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Europe midday: Stocks slip despite bond rally as ECB loosens shackles on debt purchases

By Alexander Bueso

Date: Thursday 26 Mar 2020

Europe midday: Stocks slip despite bond rally as ECB loosens shackles on debt purchases

(Sharecast News) - Stocks across the Continent are slightly lower as investors gird themselves for data due out later in the day that is expected to show a historic jump in US weekly jobless claims, although the number of new Covid-19 infections in Italy continued to fall.
"We're still very much living through a period of extreme volatility but it feels like we're heading in the right direction, by which I mean cooler heads prevailing, rather than just simple market direction," said Craig Erlam, senior market analyst at Oanda.

Indeed, economic authorities around the world were moving to boost their economic relief measures.

Against that backdrop, as of 1015 GMT the German Dax was falling 2.09% to 9,688.31, alongside a 1.76% drop on the Cac-40 to 4,352.53, while Milan's FTSE Mibtel was 1.42% lower to 17,000.19.

Euro/dollar meanwhile was up by 0.81% at 1.0971.

Overnight, the US Senate approved a roughly $2trn economic relief bill that included funds to backstop up to $4.5trn in lending and debt purchases by the Federal Reserve, the country's central bank.

According to one analyst cited by Bloomberg, governments around the world had thus far pledged 2.7% worth of global GDP to fight the coronavirus pandemic, versus the 1.7% deployed in the Great Financial Crisis.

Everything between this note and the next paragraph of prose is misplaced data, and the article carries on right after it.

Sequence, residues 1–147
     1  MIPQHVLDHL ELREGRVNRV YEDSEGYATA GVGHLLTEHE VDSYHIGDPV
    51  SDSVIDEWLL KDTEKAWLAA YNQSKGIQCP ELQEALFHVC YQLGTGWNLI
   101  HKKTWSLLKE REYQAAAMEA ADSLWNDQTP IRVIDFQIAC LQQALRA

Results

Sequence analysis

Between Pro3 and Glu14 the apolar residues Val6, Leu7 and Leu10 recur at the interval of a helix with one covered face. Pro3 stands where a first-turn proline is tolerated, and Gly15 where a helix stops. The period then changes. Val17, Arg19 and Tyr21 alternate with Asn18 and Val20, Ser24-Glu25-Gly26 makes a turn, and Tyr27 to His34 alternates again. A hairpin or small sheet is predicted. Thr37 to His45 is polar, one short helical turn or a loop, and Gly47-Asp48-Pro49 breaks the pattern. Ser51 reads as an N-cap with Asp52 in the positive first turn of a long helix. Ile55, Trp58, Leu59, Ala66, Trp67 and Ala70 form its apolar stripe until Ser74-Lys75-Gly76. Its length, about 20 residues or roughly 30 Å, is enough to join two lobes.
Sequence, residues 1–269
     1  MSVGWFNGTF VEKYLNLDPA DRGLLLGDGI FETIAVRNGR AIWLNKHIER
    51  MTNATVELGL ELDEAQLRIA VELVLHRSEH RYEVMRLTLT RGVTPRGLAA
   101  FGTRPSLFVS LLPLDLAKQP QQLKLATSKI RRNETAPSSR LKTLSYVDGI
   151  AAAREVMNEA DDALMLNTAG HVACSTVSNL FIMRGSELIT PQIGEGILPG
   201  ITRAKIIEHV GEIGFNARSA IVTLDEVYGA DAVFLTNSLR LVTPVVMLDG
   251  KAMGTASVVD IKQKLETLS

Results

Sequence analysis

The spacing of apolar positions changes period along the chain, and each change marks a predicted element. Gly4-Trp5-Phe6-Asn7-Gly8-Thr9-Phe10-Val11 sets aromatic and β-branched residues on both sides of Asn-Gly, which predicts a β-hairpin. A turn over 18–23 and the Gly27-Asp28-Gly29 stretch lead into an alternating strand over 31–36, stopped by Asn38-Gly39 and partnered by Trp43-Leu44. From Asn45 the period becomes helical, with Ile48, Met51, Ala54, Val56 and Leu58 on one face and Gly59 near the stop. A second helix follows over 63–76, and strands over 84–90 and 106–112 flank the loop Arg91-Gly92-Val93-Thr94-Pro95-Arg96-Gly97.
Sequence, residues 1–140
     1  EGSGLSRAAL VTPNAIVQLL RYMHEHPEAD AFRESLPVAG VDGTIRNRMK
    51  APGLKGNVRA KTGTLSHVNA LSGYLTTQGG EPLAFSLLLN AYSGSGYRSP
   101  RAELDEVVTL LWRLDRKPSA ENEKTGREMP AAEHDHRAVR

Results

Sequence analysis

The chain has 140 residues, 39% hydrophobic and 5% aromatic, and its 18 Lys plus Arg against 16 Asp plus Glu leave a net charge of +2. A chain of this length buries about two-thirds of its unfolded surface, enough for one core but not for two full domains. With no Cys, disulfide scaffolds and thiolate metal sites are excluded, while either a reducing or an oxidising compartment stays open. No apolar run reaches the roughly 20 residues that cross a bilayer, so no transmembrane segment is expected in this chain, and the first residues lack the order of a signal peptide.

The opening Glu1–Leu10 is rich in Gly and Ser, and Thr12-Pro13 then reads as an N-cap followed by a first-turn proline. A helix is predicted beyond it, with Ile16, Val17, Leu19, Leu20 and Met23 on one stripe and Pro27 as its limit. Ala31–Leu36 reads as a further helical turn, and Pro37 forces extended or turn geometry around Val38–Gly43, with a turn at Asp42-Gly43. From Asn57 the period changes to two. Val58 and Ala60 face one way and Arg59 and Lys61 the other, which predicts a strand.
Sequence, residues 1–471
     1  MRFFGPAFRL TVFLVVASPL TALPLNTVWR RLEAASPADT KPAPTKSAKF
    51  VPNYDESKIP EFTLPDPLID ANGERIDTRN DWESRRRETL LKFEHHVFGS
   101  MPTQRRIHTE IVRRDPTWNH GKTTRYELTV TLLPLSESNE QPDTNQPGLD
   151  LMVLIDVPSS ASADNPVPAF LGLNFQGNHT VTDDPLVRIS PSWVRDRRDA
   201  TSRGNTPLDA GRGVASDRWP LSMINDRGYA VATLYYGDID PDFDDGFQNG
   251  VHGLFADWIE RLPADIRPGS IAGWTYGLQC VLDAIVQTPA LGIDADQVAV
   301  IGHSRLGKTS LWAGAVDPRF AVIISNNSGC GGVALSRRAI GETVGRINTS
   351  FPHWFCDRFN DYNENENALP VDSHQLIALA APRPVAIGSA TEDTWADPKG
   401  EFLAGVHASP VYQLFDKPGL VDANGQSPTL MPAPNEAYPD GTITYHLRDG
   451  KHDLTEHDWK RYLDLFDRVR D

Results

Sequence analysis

Addressing worries among some traders in the run up to the latest actions from Congress, in remarks to NBC's Today programme on Thursday morning, Fed President Jerome Powell said that "we are not going to run of ammunition".

Just a few hours before, the European Central Bank said its new €750bn should not be limited to purchasing a maximum of a third of any one country's sovereign debt and that shorter maturities will also be included.

Erlam was nonetheless cautious when it came to calling a bottom for shares given the uncertainty around when the peak in virus cases would be reached and the hit to economic activity over the short, medium and long-term that would result.

In response to the news out of the ECB the yield on two-year Italian government debt were falling by 12 basis points to 0.33%, while that on 10-year Italian debt was down by 45 basis points to 1.91%.

There was also some 'market chatter' to be heard earlier that the ECB might activate its Outright Monetary Transactions programme, which would allow it to buy government bonds directly from the secondary market.

However, reports citing ECB sources indicated that was not the case and that the current asset purchase programme was deemed to be more effective.

To take note of, G-20 leaders were scheduled to hold an extraordinary summit via teleconference later in the day.

New Covid-19 infections in Italy continue to retreat

The day's regularly scheduled economic releases were again weak, although there was some good news to be had on the coronavirus front in Italy which reported a fourth consecutive fall in the number of new infections, from 3,612 on Tuesday to 3,491 on Wednesday.

Consultancy GfK's German consumer confidence index for April printed at 2.7, versus a reading of 8.3 for March (consensus: 7.1) - plumbing its lowest reading May 2009 in the process.

That came alongside a slump in INSEE's French business confidence index for March to 98.0, versus a reading of 101.0 in February.

M3 money supply growth in the Eurozone on the other hand accelerated in February to reach a 5.5% year-over-year pace, versus 5.2% in January (consensus: 5.2%).

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